Following the discussion of reasons for suicide, a panel of five, including the moderator, told how suicide affected their lives. Their purpose was to share their stories and let other survivors know that they are not alone in the struggle to prevent suicide.

    HOPE invited three individuals to answer questions and shed light on why people end their own lives.

    Warning signs of impending suicide include a history of attempted suicide, psychiatric and/or genetic predisposition like depression or schizophrenia and other mental illnesses. There are support groups that can help prevent suicide.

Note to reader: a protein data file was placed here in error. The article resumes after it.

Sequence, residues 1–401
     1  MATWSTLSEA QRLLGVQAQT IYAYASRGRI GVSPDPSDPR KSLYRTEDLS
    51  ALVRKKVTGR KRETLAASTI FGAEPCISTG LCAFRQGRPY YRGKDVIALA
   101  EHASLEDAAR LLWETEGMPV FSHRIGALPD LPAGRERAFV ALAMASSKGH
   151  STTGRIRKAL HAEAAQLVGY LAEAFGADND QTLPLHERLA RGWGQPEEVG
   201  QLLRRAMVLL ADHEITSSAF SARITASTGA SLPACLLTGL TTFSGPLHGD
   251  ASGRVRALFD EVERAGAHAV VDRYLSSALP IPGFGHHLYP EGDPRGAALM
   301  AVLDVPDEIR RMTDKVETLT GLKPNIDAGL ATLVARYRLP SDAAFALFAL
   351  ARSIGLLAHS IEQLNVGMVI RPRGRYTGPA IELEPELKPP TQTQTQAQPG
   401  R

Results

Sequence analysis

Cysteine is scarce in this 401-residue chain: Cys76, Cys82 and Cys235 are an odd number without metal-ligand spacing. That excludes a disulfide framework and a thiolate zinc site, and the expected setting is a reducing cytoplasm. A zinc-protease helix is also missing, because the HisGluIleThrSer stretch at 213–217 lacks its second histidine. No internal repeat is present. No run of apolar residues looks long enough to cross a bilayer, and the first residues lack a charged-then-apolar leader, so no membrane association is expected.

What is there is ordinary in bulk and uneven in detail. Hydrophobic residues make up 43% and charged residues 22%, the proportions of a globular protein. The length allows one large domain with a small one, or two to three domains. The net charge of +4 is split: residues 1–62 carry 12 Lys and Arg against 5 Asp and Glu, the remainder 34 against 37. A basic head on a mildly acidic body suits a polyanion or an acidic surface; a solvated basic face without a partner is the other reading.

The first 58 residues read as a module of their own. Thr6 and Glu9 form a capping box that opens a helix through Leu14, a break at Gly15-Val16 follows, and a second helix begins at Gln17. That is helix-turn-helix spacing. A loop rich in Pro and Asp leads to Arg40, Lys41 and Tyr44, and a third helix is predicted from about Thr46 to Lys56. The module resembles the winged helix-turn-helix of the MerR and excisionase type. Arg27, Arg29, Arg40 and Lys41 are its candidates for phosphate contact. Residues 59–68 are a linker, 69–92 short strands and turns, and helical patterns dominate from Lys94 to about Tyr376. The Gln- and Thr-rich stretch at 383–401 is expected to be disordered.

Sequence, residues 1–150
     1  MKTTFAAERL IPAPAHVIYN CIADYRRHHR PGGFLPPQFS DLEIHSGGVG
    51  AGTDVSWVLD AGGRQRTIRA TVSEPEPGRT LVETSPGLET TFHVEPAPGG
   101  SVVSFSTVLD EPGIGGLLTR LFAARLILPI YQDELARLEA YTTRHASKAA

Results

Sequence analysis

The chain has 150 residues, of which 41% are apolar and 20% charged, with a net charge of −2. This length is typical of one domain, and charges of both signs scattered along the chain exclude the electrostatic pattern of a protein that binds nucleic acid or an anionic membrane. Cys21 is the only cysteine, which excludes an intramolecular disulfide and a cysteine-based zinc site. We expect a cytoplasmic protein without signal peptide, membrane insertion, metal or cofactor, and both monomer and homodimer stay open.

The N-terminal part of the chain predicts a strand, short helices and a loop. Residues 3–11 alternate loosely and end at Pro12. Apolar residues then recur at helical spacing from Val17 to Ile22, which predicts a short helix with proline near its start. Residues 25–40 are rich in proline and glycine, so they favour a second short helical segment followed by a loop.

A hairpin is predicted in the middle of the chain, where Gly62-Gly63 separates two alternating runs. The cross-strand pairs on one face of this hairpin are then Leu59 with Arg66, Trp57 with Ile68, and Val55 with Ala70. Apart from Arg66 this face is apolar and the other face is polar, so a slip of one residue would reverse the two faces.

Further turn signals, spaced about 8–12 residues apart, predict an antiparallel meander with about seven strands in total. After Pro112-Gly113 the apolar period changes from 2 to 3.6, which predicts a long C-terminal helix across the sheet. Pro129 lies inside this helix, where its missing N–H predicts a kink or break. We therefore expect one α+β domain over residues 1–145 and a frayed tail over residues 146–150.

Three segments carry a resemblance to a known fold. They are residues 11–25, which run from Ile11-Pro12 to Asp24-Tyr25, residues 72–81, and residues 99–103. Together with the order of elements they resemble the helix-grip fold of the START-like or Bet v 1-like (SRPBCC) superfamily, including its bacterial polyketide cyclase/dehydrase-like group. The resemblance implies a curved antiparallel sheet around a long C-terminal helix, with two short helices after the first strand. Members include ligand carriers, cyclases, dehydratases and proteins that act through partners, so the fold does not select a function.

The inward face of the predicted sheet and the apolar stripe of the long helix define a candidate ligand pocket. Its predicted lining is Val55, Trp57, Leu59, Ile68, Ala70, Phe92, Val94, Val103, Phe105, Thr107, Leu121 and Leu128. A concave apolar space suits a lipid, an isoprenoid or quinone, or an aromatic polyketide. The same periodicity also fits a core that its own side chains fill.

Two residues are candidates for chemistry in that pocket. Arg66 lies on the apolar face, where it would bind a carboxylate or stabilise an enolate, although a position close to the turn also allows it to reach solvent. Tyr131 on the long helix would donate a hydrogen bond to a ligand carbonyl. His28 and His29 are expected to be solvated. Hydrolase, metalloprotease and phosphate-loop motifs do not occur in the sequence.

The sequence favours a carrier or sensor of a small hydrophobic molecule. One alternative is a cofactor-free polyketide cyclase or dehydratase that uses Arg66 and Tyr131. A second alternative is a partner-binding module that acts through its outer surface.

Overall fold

HOPE is a non-profit organization whose purpose is to create a quiet, peaceful place where families can go to remember their deceased children and find comfort and healing. Each year, the organization hosts a candlelight memorial ceremony, Dec. 6.

    For more information on suicide and its prevention, visit http://www.afsp.org. A link on the website makes it possible for anyone interested to watch the webcast.

    Article Source: http://www.zwire.com/site/news.cfm?n...d=532258&rfi=6

  2. #2

    H.O.P.E. participates in live telecast

    Thanks for continuing to come up with these stories, HeartArt. It's a reminder that amidst all the pain and distress and meanness, there is also hope. Back in the 60s we used to call it "consciousness raising" but it's basically all about education and awareness -- and that spells hope, for the afflicted and for those who love them.

  3. #3

    H.O.P.E. participates in live telecast